Cambodian court dance has always been a spiritual activity – dedicated to the ancestors and especially the gods, whom the dancers reflect in their calm elegance. But there is a fine line between serenity and inertness, and in a rare visit to New York as part of the Season of Cambodia, the Royal Ballet crossed it a few times too many.
Choreographed by Princess Norodom Boppha Devi, the 80-minute Legend of Apsara Mera argues for the centrality of dance in the creation not only of the nation, back when celestial beings skimmed the earth, but also of the universe. The first act describes the birth of the apsaras, after which the court dancers largely model themselves. These heavenly creatures emerge from a sea of milk that warring gods and demons churn up. The second tale relates the union of the most beautiful apsara, Mera, and Prince Kambuja, whence Cambodia sprang.
Oceanic battles and nation-sized passions are the stuff of theatre. And though this lilting idiom does not lend itself to grand theatrics, the repeated gestures and phrases can act like a rising tide. With Apsara Mera, however, the story tended to get lost in the repetitions so we were unprepared for the big dramatic moments.
More bothersome still were the lapses in rhythmic pulse, inherited perhaps from the princess-director herself, who as an impossibly beautiful star in the 1960s liked to blur the beat. Sometimes the 21 lissom dancers at BAM echoed the tilt of shoulder and head with heel and hip in a swaying harmony, and sometimes the postures grew as still as stone.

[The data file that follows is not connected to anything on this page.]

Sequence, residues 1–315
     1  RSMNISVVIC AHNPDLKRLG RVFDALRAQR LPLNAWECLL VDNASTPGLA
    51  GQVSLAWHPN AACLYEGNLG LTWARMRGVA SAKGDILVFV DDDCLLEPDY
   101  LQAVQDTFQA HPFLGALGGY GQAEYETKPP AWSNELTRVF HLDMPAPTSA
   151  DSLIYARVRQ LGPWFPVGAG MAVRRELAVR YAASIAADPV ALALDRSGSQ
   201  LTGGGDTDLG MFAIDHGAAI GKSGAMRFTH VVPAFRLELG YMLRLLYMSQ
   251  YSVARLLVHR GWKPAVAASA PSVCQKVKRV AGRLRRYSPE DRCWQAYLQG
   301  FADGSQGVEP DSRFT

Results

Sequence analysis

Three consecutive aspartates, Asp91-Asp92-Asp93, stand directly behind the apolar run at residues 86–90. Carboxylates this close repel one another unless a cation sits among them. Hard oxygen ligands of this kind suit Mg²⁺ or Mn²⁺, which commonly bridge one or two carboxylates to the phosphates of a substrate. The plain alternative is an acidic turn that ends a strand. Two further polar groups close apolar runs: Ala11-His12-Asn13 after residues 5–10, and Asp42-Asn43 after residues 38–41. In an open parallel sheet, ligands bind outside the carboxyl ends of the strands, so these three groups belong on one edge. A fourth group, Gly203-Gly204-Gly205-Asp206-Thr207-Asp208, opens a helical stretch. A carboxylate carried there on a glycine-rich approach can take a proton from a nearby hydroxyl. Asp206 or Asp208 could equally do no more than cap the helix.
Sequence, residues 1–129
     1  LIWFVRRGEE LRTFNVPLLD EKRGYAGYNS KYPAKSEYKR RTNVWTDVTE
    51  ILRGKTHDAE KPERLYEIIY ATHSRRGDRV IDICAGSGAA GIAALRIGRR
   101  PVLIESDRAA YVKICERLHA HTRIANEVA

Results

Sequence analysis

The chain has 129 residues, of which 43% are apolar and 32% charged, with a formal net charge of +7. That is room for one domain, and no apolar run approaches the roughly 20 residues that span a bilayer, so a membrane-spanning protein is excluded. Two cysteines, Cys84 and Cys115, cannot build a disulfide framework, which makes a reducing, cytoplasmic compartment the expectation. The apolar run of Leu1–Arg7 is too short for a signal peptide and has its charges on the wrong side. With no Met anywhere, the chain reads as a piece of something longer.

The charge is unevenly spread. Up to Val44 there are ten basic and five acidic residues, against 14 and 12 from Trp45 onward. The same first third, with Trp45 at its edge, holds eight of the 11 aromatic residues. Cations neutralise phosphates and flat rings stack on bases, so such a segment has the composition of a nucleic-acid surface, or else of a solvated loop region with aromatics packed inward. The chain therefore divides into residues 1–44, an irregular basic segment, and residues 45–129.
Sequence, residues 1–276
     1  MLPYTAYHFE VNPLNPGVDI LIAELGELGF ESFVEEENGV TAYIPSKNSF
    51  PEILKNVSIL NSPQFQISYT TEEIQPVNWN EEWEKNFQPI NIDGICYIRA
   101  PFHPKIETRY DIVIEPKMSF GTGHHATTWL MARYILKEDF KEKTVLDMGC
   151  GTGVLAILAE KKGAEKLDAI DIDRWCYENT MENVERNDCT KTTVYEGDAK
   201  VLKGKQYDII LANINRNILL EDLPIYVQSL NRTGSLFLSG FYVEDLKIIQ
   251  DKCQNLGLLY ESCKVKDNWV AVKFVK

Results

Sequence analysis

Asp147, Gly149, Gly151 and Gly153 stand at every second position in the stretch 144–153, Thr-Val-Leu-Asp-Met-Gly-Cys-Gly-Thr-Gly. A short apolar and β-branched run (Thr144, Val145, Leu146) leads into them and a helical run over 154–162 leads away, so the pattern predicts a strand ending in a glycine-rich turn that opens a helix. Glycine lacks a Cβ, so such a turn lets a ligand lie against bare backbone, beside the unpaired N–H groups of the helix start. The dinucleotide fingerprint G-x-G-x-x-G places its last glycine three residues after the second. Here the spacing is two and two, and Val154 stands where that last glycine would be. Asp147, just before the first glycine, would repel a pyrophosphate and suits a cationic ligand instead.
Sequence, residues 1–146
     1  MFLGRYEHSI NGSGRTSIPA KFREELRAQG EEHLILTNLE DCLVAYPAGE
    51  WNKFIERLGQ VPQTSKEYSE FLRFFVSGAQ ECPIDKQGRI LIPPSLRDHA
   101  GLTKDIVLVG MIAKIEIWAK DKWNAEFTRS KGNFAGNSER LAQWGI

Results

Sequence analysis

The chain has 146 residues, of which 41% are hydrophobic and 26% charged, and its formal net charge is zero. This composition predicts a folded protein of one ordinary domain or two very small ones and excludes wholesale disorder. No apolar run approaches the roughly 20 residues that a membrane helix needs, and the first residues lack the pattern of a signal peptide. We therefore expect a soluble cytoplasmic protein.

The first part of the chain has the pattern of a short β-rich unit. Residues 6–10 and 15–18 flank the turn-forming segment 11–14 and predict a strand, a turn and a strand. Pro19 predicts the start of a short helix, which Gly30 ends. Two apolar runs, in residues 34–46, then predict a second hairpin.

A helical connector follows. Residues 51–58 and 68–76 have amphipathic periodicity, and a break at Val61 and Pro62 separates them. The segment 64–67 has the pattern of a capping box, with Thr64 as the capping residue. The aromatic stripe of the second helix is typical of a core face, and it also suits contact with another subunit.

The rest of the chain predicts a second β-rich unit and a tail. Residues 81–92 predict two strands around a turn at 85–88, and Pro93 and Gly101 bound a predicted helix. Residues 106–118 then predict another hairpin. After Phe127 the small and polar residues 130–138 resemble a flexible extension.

The women’s poses and gestures (women play both male and female roles in Cambodian dance-theatre) were always visually pleasing, though. Each independent finger of their expressive hands stretched so far back in the wrong direction that it seemed to grow a new joint. So too the wrists, elbows, ankles and toes. The sharp angles somehow lent the dancers a serpentine grace – beneath the gold brocade of pantaloons and tunic and the gleaming winged helmets.
Loveliest of all was the live pinpeat music: the soft, round melodies, the harmonies of women and men’s plainchant, the sudden huddle of beats when an episode rushed to a close. If only the dancing had achieved such fullness.